Judge from Greenwich who presided over World Trade Center bombing case dies from coronavirus
GREENWICH — The town has suffered its first death due to coronavirus.
Retired U.S. District Judge Kevin Duffy, who served in New York’s Southern District, died Wednesday after contracting the virus, according family members.
Duffy, 87, had been at the Nathaniel Witherell, in the short-term rehabilitation section, before he tested positive and was then moved to Greenwich Hospital.
The hospital could not immediately comment about his cause of death.
Duffy had been a Greenwich resident for the past several years and had continued to practice law in Greenwich at the firm of Duffy and Staab LLC alongside his son Kevin Duffy Jr., one of the firm’s managing members. Kevin Duffy Jr. confirmed his father’s death on Wednesday afternoon and said he had been at the Witherell recovering from a short-term illness.1
Judge Duffy retired from the federal bench in 2016 after 44 years as a district judge in the Southern District of New York. He presided over the trial in the 1993 bombing of the World Trade Center as well as the trial of members of the Black Liberation Army who took part in a murder and armed robbery of a Brinks truck in Nanuet, N.Y.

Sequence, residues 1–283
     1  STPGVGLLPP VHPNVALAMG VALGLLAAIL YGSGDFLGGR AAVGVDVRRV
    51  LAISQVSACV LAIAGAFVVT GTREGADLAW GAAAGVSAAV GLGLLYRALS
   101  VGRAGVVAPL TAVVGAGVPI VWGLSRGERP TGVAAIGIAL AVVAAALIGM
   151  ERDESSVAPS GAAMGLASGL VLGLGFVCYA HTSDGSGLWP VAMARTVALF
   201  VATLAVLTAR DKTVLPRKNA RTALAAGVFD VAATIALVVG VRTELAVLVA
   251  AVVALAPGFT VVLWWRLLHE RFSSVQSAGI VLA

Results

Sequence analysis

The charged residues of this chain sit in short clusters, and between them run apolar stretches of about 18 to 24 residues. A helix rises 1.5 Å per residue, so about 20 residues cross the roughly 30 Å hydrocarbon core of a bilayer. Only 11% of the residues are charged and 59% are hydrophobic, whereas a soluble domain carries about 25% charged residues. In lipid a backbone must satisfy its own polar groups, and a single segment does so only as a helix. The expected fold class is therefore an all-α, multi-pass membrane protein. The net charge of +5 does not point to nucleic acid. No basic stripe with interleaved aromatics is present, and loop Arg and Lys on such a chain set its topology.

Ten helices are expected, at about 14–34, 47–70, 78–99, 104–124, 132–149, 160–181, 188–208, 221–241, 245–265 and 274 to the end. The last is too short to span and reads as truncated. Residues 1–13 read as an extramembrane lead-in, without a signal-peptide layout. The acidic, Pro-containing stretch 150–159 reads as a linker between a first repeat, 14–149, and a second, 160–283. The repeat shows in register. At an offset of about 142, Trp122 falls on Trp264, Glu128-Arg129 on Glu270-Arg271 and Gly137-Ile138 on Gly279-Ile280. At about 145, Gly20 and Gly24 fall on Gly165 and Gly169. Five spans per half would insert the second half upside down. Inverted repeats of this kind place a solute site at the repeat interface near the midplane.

In his career on the bench, he oversaw a famous case involving $98 billion in gold from the Iranian government that was held by the New York Federal Reserve Bank during the hostage crisis. His son said he also presided over a half-dozen cases against members of the mafia.
Duffy’s death is among the first deaths in Greenwich connected to the coronavirus. The town recorded three deaths on Wednesday, according to First Selectman Fred Camillo.
Duffy is the uncle of Edward Krumeich II, a former member of the town’s Board of Estimate and Taxation and a current Superior Court judge in Connecticut.
“When I was interviewed to be a judge I was asked if I had a legal hero and I most definitely did in my Uncle Kevin,” Krumeich said, recalling how his uncle had to be placed under 24/7 guard during and after the World Trade Center bombing case and other terrorism cases that came through his courtroom.
When he was first sworn in by President Richard Nixon in 1972, Duffy was the youngest member of the federal judiciary.